Bloodred Hourglass – Your Highness

Finland has more melodic death metal bands per square mile than snow ploughs. If that’s not true, it should be. For reasons unknown, the citizens of this progressive social democracy have a fondness for the genre that Carcass and At the Gates pioneered in the early 1990s, to the point where you now look to Finland rather than Sweden for the next generation of artists. Bloodred Hourglass are one of the new melodeath merchants pushing the boundaries forward, but they sound nothing like Iron Maiden with growling vocals. In fact, reducing their art to a generic term does them no justice. Your Highness is an epic commando assault with a distinctive European M.O. and a penchant for chivalrous metal riffs.

One way to approach this record is to dispense with any pre-conceived notions about Finnish metal and to imagine that Bloodred Hourglass are a UK contemporary of Employed to Serve and Svalbard. Another is to picture them as a metalcore version of Harakiri for the Sky. You could even call them a melodic death metal interpretation of Paradise Lost. The point is this band are wise enough to keep you guessing. Opener, ‘Leaves’, starts like ‘My Last Serenade’ by Killswitch Engage but soon settles into a bizarre hybrid of chunky metallic syncopation with atmospheric lead guitar melodies and throat flagellations that will leave you touching your Adam’s apple in sympathy. On first listen, this reviewer heard black metal textures and an icy northern European breeze blowing through the music but could not recapture this feeling on repeat listens. Maybe this is the true mystery of Bloodred Hourglass. Like a chameleon, they change colours and make you question your own certainties. What’s not in doubt is their quintessential European sound. ‘Drag Me the Rain’ mixes tremolo rhythms and sorrowful choruses with galloping thrash riffs and heroic melodies. You can see why they need three guitarists to produce such a wide range of sound frequencies across the audio spectrum.

Perhaps the strongest aspect of Bloodred Hourglass is their ability to convey the snow-topped pines and enchanted woodlands through the moon glow of their music. ‘Nightmares are Dreams Too’ conjures images of Vikings battling each other in Lapland. You can even feel the frost on the tips of your fingers when you tune into ‘Change of Heart’. Yet they think nothing of inserting a metalcore suite of breakdown riffing among this chest-beating metallic onslaught. Be under no illusions: this is a heavy album with no shortage of colossal guitar riffing. ‘Veritas’ and ‘Leave Out All the Rest’ should get the attention of any stadium metal band passing through Finland on their next tour. The guitar work is exquisite in the way it balances an expressive presence among the fast riffing and atmospheric layering.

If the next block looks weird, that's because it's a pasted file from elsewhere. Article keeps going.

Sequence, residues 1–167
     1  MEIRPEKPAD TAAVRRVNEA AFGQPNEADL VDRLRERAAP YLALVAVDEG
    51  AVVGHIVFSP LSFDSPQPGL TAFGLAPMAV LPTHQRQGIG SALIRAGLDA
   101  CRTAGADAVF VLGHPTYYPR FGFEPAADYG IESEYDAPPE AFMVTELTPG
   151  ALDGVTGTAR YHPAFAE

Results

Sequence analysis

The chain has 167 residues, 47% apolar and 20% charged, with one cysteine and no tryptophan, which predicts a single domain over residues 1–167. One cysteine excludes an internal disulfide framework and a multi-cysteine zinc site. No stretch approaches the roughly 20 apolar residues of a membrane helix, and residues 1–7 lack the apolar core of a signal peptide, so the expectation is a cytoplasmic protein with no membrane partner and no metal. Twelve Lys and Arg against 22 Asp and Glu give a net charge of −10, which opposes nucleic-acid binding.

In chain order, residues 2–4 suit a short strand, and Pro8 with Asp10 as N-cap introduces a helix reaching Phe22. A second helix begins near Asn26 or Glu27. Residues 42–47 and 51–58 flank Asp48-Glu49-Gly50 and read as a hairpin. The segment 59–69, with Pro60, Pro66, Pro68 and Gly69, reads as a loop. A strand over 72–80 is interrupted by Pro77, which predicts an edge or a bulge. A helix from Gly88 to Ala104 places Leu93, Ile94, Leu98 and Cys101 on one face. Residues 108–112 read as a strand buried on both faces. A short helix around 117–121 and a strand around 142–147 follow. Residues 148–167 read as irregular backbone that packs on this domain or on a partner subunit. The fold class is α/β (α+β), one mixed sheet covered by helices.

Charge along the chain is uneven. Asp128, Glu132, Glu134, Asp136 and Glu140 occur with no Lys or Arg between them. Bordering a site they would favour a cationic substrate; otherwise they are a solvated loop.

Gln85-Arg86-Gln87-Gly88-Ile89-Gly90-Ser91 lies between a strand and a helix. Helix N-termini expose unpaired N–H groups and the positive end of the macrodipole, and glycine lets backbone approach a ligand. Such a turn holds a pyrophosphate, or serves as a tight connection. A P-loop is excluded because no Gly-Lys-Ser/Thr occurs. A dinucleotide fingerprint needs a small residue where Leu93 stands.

For an album that relies on the intoxication and thrill of action, Your Highness has few faults. But a couple of things appear after further analysis. The band’s determination to extend their intros with meandering synths feel like yesterday’s clichés. Likewise, they leave you with the impression that they’re still searching for the perfect ballad, despite their best efforts on ‘My Prime of Kneel’. This song would be destined for mediocrity if not for a sudden outburst of technical scale shredding. It reminds you that the line between gothic metal and melodic death metal lies somewhere in a shapeless and desolate no man’s land that should only be approached with extreme caution.

There’s no doubt Your Highness is a unique album. It can appeal to both post-hardcore and atmospheric black metal audiences without sacrificing its core identity as a record for Amorphis and Amon Amarth fans. We can only guess where Bloodred Hourglass will go after this, but their expeditionary enthusiasm leaves you wondering if this is just the beginning of an epic adventure.



Release Date: 22/10/2021

Record Label: Out of Line Music

Standout tracks: Drag Me the Rain, Veritas, Gone for Now

Suggested Further Listening: Harakiri for the Sky – Mӕre (2021), Svalbard – When I Die, Will I Get Better? (2020), Blood Youth – Vision of Another Hell (2021)